Friday, December 2, 2011

Close Reading

I know that this is the way that I should’ve been reading through my whole MFA program.  But who want to read with pen in hand making notes like “POV switch here with lack of descriptors.”  Yuck.

The reason I’m a writer is because I’m a reader.  As a kid, it was the only thing I consistently loved.  And loved more than anything else in the world.

I now have all sorts of other things that take my time and attention, but I still can’t get to sleep unless I read at least a page.  Reading is still the way that I settle down my confused or unhappy mind, it’s still the way I anchor myself.

So right now, as I’m in the middle of this massive thesis struggle, reading is what’s keeping me together.  But strangely enough, it’s that horrible “close reading” that’s helping more than anything else.

This year I’m working with Jo-ann Mapson, a writing hero, and a writer’s dream for a thesis year MFA mentor.  After reading all the existing pages of my book she recommended that I read Jean Rhys’ Wide Sargasso Sea.  I picked up a copy in September and immediately ate it up.  I’ve now re-read it twice since then, pen in hand, trying to suss out how Rhys accomplishes her tone, how she switches between narrators, time, and scene without a hint of hesitation.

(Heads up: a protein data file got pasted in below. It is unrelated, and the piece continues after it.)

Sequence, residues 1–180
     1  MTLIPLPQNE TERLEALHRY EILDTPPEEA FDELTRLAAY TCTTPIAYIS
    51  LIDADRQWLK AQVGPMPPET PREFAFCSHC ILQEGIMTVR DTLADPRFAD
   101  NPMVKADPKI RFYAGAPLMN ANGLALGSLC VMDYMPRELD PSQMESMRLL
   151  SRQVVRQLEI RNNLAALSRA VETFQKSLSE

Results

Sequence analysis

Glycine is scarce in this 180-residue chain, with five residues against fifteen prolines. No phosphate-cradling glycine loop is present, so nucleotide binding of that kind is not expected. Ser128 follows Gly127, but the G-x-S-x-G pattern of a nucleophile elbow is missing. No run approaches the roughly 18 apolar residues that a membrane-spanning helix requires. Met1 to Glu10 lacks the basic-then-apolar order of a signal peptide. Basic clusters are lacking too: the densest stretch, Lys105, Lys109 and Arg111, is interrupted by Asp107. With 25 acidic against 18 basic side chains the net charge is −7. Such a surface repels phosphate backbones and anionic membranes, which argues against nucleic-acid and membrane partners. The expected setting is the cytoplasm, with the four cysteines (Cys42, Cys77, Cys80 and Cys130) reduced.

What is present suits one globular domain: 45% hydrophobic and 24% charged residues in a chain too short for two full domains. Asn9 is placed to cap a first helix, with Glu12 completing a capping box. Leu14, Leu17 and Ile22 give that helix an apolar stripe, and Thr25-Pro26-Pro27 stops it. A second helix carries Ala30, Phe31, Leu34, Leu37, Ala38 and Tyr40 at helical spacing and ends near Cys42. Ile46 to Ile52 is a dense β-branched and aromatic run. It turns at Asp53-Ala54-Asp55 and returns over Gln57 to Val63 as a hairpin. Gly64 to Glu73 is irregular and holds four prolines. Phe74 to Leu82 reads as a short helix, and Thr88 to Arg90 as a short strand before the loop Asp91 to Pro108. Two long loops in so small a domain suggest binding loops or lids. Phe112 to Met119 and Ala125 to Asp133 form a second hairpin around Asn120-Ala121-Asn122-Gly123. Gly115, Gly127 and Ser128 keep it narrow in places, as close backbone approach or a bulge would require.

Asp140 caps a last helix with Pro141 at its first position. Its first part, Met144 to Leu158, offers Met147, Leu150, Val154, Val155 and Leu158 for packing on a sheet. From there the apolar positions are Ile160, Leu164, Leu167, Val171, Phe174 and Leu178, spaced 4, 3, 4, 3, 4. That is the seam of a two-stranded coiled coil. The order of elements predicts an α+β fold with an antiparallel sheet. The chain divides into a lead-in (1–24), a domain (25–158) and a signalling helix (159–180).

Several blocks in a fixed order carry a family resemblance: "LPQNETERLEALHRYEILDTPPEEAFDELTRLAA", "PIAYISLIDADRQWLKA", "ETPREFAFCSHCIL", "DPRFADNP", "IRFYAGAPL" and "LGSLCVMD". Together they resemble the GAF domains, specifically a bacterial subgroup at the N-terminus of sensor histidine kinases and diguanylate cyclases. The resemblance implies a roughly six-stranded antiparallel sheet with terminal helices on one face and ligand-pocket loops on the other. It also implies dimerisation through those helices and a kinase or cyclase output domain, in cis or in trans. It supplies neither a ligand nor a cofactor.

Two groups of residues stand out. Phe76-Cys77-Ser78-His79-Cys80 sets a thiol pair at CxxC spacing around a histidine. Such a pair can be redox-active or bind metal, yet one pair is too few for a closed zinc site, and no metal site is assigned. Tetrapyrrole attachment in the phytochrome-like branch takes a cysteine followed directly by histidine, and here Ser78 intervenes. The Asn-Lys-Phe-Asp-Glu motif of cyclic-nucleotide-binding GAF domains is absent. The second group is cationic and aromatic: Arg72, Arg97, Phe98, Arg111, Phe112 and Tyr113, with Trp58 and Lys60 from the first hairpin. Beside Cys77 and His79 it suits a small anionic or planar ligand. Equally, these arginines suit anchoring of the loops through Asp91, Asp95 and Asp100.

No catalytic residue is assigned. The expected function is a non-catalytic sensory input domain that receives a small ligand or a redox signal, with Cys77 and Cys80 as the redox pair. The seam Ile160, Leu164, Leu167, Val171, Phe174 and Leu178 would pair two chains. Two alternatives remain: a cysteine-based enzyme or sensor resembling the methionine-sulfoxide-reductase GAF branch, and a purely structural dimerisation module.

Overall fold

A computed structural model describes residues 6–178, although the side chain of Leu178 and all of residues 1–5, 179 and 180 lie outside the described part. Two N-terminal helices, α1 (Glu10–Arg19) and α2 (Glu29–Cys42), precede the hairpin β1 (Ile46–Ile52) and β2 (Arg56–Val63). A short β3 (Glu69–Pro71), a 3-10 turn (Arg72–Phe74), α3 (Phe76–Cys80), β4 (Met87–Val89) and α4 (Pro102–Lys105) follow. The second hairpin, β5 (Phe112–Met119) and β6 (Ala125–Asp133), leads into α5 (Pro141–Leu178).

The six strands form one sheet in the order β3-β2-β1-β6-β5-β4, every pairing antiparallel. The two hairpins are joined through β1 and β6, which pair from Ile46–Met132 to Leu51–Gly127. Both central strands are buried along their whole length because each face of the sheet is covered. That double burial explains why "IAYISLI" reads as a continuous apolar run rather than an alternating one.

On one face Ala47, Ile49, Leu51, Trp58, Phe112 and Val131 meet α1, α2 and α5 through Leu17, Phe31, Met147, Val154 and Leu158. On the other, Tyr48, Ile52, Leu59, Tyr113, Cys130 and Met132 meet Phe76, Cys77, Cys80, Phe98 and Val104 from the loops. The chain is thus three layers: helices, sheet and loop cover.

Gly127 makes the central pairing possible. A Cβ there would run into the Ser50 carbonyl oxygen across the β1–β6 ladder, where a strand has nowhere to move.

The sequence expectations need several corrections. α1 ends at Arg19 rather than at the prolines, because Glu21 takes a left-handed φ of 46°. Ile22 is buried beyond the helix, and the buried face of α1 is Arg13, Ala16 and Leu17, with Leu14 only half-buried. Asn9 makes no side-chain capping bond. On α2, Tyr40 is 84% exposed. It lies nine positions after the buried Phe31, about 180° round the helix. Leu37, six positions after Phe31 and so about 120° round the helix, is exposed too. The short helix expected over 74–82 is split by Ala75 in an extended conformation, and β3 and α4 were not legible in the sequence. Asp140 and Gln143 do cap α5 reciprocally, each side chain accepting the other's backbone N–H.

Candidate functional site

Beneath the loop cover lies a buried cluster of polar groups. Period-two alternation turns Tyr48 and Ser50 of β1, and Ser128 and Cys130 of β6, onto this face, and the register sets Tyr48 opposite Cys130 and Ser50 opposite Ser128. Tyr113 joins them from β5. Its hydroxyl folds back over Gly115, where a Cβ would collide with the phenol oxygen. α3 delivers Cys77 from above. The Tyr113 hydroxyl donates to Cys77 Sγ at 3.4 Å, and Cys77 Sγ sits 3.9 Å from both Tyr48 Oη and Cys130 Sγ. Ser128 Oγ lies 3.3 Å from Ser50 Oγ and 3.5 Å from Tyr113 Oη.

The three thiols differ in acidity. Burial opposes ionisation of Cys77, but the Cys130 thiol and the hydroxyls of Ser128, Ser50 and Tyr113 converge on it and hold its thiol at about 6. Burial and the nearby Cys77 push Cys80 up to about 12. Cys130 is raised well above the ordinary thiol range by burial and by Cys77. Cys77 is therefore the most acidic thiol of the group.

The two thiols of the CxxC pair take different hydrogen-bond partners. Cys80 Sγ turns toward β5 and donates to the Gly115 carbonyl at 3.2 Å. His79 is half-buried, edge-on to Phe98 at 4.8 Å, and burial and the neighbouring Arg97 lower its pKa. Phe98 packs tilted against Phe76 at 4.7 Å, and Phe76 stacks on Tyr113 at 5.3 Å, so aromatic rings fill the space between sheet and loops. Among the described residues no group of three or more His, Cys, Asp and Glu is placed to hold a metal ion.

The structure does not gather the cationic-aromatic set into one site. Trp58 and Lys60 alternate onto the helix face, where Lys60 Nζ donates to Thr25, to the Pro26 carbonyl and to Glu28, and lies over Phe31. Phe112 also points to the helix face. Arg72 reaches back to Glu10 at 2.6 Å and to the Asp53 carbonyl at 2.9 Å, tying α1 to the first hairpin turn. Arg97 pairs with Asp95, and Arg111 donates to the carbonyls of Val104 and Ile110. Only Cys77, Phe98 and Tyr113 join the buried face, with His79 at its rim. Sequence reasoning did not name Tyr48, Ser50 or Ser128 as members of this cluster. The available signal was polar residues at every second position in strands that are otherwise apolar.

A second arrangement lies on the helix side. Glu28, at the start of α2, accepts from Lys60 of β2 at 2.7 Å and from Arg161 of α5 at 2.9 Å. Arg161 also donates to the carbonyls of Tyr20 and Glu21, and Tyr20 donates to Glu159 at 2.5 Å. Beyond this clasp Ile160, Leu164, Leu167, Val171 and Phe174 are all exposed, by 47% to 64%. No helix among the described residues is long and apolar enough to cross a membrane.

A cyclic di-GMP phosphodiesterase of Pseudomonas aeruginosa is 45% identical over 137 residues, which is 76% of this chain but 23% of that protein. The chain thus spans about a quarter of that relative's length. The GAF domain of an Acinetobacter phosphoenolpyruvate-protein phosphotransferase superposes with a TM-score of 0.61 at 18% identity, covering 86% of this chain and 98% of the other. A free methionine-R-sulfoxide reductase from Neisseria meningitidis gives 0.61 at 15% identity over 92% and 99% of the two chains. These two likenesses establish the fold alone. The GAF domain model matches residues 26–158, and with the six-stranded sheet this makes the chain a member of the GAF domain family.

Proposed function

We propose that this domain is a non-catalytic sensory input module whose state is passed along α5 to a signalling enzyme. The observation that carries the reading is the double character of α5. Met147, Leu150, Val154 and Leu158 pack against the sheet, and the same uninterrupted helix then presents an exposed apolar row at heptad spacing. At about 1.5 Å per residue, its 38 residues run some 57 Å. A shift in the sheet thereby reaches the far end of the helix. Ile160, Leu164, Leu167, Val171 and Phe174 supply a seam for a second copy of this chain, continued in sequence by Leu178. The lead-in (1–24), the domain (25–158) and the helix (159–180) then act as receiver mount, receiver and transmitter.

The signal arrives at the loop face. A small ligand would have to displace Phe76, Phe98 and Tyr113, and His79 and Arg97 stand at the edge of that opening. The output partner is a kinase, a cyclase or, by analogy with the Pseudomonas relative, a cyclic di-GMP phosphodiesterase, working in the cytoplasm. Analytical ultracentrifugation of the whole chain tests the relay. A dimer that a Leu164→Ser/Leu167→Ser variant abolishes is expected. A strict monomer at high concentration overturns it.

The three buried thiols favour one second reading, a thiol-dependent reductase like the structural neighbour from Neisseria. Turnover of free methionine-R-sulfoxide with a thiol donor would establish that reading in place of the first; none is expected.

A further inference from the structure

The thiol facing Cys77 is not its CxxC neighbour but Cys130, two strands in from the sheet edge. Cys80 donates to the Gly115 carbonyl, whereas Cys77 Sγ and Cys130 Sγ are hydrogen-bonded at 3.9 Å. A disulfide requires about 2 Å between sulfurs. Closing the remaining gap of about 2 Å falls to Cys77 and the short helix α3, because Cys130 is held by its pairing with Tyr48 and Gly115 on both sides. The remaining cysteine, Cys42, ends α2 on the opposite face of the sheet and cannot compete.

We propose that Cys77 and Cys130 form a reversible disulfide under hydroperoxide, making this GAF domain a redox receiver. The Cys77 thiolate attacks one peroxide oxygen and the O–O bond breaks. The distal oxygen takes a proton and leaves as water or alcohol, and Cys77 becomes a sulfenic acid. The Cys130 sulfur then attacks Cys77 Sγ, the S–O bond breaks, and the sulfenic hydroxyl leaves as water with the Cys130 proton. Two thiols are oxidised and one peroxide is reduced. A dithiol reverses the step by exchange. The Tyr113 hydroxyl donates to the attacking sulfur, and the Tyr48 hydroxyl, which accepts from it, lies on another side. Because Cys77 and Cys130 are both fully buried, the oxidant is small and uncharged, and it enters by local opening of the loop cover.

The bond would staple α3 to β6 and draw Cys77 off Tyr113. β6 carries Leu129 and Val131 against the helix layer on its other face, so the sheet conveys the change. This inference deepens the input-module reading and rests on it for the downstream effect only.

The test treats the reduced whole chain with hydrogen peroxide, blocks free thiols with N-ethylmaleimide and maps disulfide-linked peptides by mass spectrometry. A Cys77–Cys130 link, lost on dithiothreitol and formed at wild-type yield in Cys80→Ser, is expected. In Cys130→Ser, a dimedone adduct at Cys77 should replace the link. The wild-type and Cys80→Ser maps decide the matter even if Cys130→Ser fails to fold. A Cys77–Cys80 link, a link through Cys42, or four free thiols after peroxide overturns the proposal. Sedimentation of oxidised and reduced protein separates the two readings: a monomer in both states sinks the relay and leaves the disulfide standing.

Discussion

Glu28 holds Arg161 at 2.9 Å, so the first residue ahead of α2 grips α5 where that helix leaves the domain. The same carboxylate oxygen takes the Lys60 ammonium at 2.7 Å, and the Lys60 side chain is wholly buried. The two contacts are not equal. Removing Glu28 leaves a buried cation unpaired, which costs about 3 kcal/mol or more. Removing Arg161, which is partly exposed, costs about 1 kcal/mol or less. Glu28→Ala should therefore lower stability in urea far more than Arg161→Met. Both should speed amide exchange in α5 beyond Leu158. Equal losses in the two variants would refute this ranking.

How does she get to the clear-clean core of her story without losing all of its mystery and beauty?

I want some of her magic to rub off on me.

Weirdly, it actually feels like it is.  I’ve written new pages in the last week and I already like them better than anything else I’ve written in months.

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